Peyton Manning's Red-Hot Start Will Allow Him to Break Tom Brady's TD Record

Mike ChiariFeatured ColumnistOctober 1, 2013

Sep 29, 2013; Denver, CO, USA; Denver Broncos quarterback Peyton Manning (18) reacts at the line of scrimmage during  the first half against the Philadelphia Eagles at Sports Authority Field at Mile High. Mandatory Credit: Chris Humphreys-USA TODAY Sports
Chris Humphreys-USA TODAY Sports

Peyton Manning set the NFL's single-season passing touchdown record nine years ago while with the Indianapolis Colts. New England Patriots gunslinger Tom Brady broke it three years later, but Manning suddenly finds himself in position to regain a record that few thought could ever be challenged again.

Manning is currently on pace for the greatest passing season in NFL history as he has led the Denver Broncos to a dominant 4-0 start. Through four games, Manning has passed for 1,470 yards, 16 touchdowns and no interceptions with a 75 percent completion rate.

That puts Manning on pace to throw for 5,880 yards and 64 touchdowns, which would both be single-season NFL records. While the yardage total may not be sustainable due to the fact that Denver figures to be playing from ahead quite often as the season progresses, Manning could very well shatter the touchdown mark.

His 16 touchdown passes are an NFL record through the season's first month, according to NFL Network's Ian Rapoport.

Brady broke Manning's original record of 49 touchdowns by throwing for 50 in 2007. The Pats finished a perfect 16-0 that season, and Brady formed a lethal combination with wide receiver Randy Moss. Brady has had some great weapons over the years, but nothing can compare to what Manning has at his disposal right now.

In fact, it can be argued that Manning has the greatest arsenal in NFL history. There is no doubt that Manning makes his receivers great to a certain degree, but Demaryius Thomas, Eric Decker, Julius Thomas and ex-Patriot Wes Welker keep opposing defenses on their toes at all times.

Manning probably figured that he would never have a better supporting cast than what he had with the Colts in 2004 as Marvin Harrison, Reggie Wayne and Brandon Stokley all broke 1,000 receiving yards, while tight ends Marcus Pollard and Dallas Clark combined for over 700. As great as that group was, it pales in comparison to Manning's current running mates.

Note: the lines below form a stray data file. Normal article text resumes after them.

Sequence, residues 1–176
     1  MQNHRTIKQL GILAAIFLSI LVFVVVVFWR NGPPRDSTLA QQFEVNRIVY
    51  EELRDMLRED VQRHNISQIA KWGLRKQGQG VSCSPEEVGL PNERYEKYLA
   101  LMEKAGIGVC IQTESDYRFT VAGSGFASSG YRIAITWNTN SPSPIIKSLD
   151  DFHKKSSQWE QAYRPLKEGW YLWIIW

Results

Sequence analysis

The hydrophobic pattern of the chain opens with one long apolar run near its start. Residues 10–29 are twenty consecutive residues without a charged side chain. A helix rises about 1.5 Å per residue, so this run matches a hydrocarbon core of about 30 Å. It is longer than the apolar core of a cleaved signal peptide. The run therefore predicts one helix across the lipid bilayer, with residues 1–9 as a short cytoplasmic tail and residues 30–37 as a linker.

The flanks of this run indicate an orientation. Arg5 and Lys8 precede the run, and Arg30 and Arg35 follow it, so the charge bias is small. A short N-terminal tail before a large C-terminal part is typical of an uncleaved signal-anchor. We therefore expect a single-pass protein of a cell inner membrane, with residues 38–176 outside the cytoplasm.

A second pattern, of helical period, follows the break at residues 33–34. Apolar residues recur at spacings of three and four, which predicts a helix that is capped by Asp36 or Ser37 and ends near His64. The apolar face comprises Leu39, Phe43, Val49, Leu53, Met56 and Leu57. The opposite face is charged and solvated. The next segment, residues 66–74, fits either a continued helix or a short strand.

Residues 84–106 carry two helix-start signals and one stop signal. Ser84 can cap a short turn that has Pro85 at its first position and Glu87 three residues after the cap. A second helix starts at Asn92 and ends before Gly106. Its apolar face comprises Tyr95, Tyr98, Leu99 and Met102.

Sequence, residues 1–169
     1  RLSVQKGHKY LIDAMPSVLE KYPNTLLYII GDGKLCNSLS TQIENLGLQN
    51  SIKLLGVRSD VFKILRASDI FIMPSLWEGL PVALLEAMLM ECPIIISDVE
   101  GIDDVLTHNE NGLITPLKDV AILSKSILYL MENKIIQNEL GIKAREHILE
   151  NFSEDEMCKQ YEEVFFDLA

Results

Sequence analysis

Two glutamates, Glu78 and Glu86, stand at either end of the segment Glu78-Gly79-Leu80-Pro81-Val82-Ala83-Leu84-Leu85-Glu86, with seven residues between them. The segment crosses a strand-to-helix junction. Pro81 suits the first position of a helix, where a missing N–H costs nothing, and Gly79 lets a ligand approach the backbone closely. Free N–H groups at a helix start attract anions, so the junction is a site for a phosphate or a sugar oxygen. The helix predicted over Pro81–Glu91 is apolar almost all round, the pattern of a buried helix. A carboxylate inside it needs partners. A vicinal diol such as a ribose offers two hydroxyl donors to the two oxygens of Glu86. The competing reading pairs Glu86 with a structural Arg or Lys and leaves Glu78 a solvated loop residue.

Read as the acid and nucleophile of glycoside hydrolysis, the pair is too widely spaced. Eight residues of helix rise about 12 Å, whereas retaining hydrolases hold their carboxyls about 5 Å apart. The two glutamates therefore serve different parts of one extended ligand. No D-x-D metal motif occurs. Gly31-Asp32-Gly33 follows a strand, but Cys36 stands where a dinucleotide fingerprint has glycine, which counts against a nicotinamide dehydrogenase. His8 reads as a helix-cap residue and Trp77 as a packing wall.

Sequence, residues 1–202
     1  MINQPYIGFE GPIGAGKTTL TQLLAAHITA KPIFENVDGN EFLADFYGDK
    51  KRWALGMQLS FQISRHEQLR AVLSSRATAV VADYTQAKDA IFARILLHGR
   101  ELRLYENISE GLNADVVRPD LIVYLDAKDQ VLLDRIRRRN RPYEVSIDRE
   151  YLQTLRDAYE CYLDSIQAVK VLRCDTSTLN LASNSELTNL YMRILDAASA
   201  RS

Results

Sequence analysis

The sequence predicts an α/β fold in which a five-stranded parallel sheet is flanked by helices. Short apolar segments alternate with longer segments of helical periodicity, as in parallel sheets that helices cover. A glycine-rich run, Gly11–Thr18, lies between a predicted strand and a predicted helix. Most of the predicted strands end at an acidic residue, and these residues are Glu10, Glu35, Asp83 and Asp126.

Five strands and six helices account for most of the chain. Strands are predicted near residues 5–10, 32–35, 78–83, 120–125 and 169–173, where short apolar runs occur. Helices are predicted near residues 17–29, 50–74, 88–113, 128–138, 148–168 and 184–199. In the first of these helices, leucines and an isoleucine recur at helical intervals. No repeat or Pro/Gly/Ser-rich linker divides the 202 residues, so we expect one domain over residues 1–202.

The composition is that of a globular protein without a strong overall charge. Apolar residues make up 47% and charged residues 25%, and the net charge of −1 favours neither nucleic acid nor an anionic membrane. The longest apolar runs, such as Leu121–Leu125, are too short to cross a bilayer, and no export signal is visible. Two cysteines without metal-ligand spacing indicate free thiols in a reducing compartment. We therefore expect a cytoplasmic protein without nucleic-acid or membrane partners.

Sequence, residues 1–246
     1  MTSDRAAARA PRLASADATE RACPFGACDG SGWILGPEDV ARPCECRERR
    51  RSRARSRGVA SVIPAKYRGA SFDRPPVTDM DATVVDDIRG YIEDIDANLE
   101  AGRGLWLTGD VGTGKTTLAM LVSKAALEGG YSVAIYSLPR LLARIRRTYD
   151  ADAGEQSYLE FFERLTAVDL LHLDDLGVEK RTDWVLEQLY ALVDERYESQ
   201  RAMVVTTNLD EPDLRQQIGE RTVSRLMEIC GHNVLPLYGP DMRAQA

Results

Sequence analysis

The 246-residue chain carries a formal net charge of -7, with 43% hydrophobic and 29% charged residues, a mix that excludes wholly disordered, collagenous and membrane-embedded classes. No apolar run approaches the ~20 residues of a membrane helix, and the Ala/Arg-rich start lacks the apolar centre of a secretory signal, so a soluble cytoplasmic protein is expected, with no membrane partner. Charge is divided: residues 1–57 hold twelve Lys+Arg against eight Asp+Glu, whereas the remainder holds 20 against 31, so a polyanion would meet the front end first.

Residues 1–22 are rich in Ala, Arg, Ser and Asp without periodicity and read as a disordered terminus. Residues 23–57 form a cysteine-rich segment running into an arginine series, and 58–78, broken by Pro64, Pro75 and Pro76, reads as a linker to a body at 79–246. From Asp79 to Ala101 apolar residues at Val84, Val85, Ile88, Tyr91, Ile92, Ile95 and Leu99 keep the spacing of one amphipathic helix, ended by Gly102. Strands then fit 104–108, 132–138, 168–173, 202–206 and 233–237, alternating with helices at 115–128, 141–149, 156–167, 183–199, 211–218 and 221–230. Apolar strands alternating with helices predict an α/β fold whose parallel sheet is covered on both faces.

Most 37-year-old players are either already retired or on the verge of doing so, but Manning looks like he can continue to play at this level for as long as he chooses. 

A big part of that relates to his protection. Despite the fact that Pro-Bowl left tackle Ryan Clady was lost for the season, according to Lindsay H. Jones of USA TODAY, Manning has been pressured less than any quarterback in the league, according to Pro Football Focus.

That ensures that Manning remains healthy, and it also gives him all the confidence in the world to stand in the pocket for as long as he needs to before hitting his target.

Manning now has six straight games with a QBR of 80 or better, according to ESPN Stats & Info, which makes him the first quarterback to do that over the past eight years.

The list of accolades that Manning has already achieved and could potentially achieve this season is immense. While it can be said that anything other than a second career Super Bowl ring is inconsequential from Manning's perspective, that single-season touchdown record has to be on his mind.

Manning has never come across as a guy who cares about individual accomplishments, but the fact that he had the record only for it to get broken is significant. After missing the entire 2011 season with a neck injury, it seemed as though Manning might never find himself in this position again. Now he has a golden opportunity to bring his comeback full circle.

Hoisting the Lombardi Trophy certainly remains Manning's top priority, but breaking such a prestigious record along the way would be icing on the cake.


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